Cantillon effects of American metals in Spain

I am not sure why Cantillon effects are not the textbook answer used to describe Spain’s emergence as a European power after contact with the New World. Simply put, as new currency goes into circulation it leads to inflation (when old currency is not removed from the market), but it does not go into an economic region uniformly. It enters via specific places and groups, and these groups then have relatively greater spending power than everyone else. They bid up prices until eventually this money circulates around and the new price level obtains throughout the market. The market participants return to their original relative levels of purchasing power.

Jack Weatherford writes in his book Indian Givers that three fifths of American bullion entering Spain went right back out as debt payments. Spain had not been a dominant country prior to contact with the Western Hemisphere, nor was it to continue in its strong position after the new money had been in circulation long enough to spread around and other powers became heavily invested in the Americas. In other words, this relative prosperity Spain briefly enjoyed did not seem to be based on any better social fundamentals than its peers had; neither the pre-contact equilibrium nor the eventual post-contact equilibrium had Spain on top of the pile.

Terrorism: the Perfect Enemy

I’ve been kicking an idea around lately, and since Lucy Steigerwald at Reason beat me to it, I thought I’d finally throw it out there.

The fall of the USSR was devastating for the US intelligence-military-industrial complex. No longer was there a mortal enemy with fanatically devoted 10-foot-tall bulletproof soldiers to justify their existence. Iraq was a temporary solution—the real long-term enemy of the future had to be found. The misadventures in the former Yugoslavia were barely a blip on the radar.

9/11 gave them everything they needed. To the intelligence-military-industrial mind, terrorists are the perfect enemy. They have power bases in certain countries—so the regular military still needs more money all the time—but they also operate in small cells under every rock on the planet, so the intelligence community also needs more money and more power all the time.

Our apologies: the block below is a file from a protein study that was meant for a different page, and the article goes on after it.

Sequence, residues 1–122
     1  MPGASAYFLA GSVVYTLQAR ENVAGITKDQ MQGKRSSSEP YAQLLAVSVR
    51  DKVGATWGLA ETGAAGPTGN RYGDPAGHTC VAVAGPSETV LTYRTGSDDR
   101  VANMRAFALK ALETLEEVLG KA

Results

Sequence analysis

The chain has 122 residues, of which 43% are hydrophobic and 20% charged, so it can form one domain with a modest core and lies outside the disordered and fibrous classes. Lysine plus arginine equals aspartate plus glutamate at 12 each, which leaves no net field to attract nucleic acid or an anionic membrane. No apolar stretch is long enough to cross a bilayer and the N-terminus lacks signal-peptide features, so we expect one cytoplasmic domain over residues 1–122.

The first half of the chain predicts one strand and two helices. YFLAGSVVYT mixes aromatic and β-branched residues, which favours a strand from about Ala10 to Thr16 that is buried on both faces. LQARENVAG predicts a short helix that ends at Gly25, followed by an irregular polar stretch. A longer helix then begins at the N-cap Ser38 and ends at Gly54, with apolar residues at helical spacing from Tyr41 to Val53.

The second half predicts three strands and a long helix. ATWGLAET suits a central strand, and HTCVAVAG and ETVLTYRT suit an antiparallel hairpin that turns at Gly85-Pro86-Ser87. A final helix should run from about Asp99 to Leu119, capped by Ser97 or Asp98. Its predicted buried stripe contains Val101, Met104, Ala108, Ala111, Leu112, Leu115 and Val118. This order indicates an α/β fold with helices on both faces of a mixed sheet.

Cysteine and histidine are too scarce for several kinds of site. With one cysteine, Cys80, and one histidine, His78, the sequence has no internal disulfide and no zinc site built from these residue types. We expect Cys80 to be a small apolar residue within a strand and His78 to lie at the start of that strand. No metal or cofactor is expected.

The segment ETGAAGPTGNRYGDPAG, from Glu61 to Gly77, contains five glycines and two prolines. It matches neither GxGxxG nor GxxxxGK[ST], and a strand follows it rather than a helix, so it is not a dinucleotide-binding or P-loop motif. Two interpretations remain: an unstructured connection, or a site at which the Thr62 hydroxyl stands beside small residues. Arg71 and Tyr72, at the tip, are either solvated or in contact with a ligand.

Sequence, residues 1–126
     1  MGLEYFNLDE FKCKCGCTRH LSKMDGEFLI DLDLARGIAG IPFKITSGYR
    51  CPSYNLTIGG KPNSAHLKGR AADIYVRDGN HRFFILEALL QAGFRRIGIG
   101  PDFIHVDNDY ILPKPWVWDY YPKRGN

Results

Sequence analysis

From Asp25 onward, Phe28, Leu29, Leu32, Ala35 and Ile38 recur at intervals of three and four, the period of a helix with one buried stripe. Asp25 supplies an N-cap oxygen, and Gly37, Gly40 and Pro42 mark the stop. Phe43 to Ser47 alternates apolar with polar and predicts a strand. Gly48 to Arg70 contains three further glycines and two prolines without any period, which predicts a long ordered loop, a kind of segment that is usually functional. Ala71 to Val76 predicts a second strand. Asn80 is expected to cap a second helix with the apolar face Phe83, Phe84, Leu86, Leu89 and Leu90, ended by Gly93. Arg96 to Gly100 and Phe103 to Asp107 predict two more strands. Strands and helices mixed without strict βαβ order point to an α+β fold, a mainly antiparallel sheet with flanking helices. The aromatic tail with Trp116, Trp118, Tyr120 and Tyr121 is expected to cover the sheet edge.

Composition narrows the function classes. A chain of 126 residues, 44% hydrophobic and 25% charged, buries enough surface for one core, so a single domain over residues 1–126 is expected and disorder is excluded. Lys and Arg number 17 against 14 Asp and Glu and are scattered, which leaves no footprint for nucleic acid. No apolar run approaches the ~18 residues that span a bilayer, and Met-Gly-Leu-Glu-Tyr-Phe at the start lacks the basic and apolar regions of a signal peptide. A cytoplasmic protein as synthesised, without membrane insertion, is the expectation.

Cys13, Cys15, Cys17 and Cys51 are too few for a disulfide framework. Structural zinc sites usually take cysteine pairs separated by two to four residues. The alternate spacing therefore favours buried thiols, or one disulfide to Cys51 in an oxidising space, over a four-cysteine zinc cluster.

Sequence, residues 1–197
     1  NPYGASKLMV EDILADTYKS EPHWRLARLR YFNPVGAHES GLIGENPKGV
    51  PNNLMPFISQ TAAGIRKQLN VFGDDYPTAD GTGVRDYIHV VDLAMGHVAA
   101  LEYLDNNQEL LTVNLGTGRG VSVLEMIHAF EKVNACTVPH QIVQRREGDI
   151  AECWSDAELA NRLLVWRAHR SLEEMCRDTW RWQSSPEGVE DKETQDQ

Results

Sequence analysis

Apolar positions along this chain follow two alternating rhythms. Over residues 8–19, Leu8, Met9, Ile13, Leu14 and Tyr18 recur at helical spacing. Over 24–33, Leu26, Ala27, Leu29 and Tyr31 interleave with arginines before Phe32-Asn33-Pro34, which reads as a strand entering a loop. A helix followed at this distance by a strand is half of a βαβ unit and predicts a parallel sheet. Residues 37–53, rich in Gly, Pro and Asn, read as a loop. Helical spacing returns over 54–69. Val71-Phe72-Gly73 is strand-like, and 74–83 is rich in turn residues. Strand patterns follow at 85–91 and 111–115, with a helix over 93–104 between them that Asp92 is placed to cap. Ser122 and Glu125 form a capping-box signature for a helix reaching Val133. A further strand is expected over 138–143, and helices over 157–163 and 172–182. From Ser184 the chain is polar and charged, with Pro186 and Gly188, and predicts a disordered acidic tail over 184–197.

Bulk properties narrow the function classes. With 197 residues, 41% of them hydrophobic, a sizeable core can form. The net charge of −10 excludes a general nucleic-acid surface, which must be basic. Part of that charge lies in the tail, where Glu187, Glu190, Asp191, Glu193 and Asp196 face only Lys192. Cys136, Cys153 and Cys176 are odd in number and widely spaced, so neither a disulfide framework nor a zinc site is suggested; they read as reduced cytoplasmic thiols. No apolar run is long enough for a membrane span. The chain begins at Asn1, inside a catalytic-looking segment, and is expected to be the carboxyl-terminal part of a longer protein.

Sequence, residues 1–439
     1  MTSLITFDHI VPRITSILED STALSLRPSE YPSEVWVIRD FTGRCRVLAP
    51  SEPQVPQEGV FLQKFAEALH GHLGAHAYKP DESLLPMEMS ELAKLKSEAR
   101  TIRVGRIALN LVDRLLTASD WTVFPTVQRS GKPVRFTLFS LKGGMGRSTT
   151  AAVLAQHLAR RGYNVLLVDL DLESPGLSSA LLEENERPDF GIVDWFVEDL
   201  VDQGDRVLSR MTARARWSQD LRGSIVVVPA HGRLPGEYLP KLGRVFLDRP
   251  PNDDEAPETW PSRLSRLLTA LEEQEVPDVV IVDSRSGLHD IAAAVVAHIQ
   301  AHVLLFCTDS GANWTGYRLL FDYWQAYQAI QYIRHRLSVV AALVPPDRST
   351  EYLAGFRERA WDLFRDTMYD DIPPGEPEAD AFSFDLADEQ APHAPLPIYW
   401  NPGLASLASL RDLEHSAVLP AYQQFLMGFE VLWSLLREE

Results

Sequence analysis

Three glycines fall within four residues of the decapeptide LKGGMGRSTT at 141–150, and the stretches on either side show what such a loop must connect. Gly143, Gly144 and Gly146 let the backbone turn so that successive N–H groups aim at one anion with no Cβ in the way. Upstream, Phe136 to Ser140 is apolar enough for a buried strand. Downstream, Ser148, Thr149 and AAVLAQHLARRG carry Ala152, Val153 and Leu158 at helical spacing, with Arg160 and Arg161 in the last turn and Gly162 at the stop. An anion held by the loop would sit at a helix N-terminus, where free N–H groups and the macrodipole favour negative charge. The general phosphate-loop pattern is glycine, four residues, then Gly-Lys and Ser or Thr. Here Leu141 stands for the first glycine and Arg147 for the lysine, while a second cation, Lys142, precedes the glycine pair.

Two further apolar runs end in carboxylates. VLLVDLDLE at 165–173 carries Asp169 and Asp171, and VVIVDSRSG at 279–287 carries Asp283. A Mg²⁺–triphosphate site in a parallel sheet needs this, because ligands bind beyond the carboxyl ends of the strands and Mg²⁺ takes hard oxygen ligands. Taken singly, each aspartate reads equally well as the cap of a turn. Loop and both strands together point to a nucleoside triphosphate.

It wasn’t just the national-level organizations. I’m sure that every police officer at every level of law enforcement in the United States has been told to keep an eye out for terrorists. DHS grants flowed like wine before the ink was even dry on the Homeland Security act. Local police use these grants to outfit SWAT teams and buy armored cars which almost never see action against terrorists. Their primary function is as tools in the second Prohibition.

In the name of fighting this faceless, formless enemy, the FBI and CIA have been carrying out secret operations, the scope of which is top secret, and which the few details that have emerged have demonstrated to be consistently illegal. No matter, combating terrorism is as adaptable a mandate as can be found. The courts routinely defer to them even when their conduct would shock and appall a judge before 9/11.

In the name of fighting this faceless, formless enemy, the Department of Defense has taken hundreds of thousands of well-intentioned young Americans and used them to extend the US sphere of influence by all manner of brutal means. The nominally private parts of the intelligence-military-industrial complex don’t just happen to have money raining on them from the sky; that’s not a bug, that’s a feature. The fact that the presence of the US armed forces creates resentment is not a problem at all—I’m not saying they’re banking on it, but the world would look just about the same if they were.

Because “we’re at war” with an enemy that can never really be identified, much less defeated, the Executive Branch has usurped power undreamed of by the cruelest and most maniacal Roman emperors. The courts consistently find that because “we’re at war” the Executive Branch should have only the lightest, most flexible, most nominal constraints on its actions.

As if to prove me right, a recent news story had “defense analysts” proclaiming that despite the fact that Al-Qaeda is now almost defunct, they’re more dangerous than ever. This was just in time for Obama to sign a new agreement with Afghanistan’s Hamid Karzai on the long-term future of Afghanistan, slightly winding down the full-frontal military side of the conflict but in no way affecting FBI/CIA plots, including domestic agents provocateurs and foreign drone strikes that target people who merely appear suspicious to drone operators.

This is an enemy the US government and its friends will be obsessed with for as long as possible—probably at least for the rest of my natural life.